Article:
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We can define the timeframe since 1997 and the arrival of Job into a few clear strategic choices.
1.Cooperating with Microsoft on their core products.
The investment of Microsoft, their biggest and only rival on operating systems, in developing Microsoft software for the Macintosh was a unique choice. The "war" on the operating systems was already lost for a long time. This is form of product development for the existing market. The Miacintosh would be more attractive for their customers but it could also pull potential customer over the barrier of purchasing an Apple computer.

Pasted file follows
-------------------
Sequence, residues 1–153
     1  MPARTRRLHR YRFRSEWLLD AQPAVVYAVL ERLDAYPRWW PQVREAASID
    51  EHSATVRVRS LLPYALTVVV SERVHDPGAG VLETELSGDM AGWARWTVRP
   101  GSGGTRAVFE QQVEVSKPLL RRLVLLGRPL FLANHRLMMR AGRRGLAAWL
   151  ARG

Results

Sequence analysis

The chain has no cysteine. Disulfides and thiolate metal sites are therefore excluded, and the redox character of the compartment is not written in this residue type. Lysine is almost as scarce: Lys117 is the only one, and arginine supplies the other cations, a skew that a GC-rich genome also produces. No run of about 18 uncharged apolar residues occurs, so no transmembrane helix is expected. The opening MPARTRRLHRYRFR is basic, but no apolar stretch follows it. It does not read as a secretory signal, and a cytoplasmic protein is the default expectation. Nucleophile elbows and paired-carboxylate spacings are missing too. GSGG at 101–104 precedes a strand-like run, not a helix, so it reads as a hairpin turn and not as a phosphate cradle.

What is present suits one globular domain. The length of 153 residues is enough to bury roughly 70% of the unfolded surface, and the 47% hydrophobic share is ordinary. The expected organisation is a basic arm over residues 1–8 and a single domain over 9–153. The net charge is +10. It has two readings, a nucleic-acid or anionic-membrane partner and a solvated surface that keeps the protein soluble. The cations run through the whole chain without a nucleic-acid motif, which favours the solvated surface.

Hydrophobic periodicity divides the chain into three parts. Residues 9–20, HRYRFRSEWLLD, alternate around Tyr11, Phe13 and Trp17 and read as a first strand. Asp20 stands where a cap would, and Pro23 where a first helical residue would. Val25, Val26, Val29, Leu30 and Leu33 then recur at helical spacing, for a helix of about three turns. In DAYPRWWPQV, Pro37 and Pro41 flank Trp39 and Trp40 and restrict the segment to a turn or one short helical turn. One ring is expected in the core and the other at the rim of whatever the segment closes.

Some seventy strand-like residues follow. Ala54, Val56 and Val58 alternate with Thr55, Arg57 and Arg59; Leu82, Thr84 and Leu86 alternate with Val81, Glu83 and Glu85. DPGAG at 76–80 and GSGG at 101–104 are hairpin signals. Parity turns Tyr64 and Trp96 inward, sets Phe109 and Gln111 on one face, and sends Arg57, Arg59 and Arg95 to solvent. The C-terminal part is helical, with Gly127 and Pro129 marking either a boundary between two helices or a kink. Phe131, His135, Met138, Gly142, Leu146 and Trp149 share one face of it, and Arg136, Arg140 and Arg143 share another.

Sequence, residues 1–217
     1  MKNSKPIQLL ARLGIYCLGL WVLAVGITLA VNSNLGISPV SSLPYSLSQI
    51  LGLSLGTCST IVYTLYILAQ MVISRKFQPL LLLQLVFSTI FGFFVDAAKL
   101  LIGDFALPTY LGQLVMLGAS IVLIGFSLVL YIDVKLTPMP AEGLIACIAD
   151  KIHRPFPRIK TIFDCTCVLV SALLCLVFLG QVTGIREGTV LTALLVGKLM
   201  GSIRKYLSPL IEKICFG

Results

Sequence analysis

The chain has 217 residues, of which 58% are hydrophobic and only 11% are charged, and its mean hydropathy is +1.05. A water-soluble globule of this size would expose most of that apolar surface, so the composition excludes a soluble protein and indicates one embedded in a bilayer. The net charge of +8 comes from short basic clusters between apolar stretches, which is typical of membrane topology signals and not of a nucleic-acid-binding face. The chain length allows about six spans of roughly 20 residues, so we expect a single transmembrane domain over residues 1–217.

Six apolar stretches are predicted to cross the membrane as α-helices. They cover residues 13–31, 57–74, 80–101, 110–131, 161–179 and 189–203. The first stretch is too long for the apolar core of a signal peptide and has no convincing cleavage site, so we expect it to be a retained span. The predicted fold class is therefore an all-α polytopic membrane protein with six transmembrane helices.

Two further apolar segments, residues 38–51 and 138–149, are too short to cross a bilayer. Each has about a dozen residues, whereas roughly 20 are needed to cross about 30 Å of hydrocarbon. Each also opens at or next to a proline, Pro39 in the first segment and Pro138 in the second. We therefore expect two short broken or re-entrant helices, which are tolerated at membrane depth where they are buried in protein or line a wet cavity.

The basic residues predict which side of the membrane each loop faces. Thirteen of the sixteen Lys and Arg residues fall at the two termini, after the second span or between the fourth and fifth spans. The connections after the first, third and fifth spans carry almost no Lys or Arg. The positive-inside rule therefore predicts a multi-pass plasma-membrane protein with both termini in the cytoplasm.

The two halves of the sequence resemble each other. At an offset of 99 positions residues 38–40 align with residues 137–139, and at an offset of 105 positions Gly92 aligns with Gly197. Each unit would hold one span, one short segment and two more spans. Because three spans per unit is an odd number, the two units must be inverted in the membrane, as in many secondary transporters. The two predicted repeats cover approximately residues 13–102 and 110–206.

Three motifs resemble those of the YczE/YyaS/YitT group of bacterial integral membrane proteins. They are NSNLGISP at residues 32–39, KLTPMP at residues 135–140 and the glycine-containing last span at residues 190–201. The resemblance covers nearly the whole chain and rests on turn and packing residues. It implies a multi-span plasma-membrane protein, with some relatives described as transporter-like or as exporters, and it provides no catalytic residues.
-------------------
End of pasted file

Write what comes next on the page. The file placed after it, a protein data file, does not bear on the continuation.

2.Ending the licensing of Apple operating system
Apple decided to withdraw from the licensing system. At that moment the costs in terms of market value were decreasing much more than extra Macintosh income. As we all know this had been a clear strategic mistake, all computers could have been operating on the Mac system if the withdrawal had not been taking place.
3.Reducing the number of product lines and focus on high-end computers
Although Apple had been operating in the computer market the focus on high-end computers can be seen as product development for a partly present market, though Apple also focused on a new group of customers. This new group of business users were highly demanding. The high-end computers even could be used as servers. In our opinion this was a good choice; Apple was experienced with building computers, they spread the risk by targeting on existing and new markets and if the new market didn't work out that well the devices always could be sold to their own market.
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